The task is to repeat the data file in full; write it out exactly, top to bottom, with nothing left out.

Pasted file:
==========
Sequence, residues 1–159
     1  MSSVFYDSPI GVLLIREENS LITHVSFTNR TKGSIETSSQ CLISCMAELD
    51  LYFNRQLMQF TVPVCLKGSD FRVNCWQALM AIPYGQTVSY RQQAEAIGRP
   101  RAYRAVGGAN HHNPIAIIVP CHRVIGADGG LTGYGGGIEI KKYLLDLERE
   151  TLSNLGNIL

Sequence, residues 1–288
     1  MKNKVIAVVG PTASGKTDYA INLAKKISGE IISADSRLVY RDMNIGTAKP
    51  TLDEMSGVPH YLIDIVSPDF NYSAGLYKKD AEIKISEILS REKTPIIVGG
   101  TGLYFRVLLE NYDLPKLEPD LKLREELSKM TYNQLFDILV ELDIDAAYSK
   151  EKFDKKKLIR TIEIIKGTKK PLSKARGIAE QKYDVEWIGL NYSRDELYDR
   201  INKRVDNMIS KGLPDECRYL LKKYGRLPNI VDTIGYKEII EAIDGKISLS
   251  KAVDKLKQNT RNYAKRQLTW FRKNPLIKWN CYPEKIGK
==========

Sequence, residues 1–159
     1  MSSVFYDSPI GVLLIREENS LITHVSFTNR TKGSIETSSQ CLISCMAELD
    51  LYFNRQLMQF TVPVCLKGSD FRVNCWQALM AIPYGQTVSY RQQAEAIGRP
   101  RAYRAVGGAN HHNPIAIIVP CHRVIGADGG LTGYGGGIEI KKYLLDLERE
   151  TLSNLGNIL

Sequence, residues 1–288
     1  MKNKVIAVVG PTASGKTDYA INLAKKISGE IISADSRLVY RDMNIGTAKP
    51  TLDEMSGVPH YLIDIVSPDF NYSAGLYKKD AEIKISEILS REKTPIIVGG
   101  TGLYFRVLLE NYDLPKLEPD LKLREELSKM TYNQLFDILV ELDIDAAYSK
   151  EKFDKKKLIR TIEIIKGTKK PLSKARGIAE QKYDVEWIGL NYSRDELYDR
   201  INKRVDNMIS KGLPDECRYL LKKYGRLPNI VDTIGYKEII EAIDGKISLS
   251  KAVDKLKQNT RNYAKRQLTW FRKNPLIKWN CYPEKIGK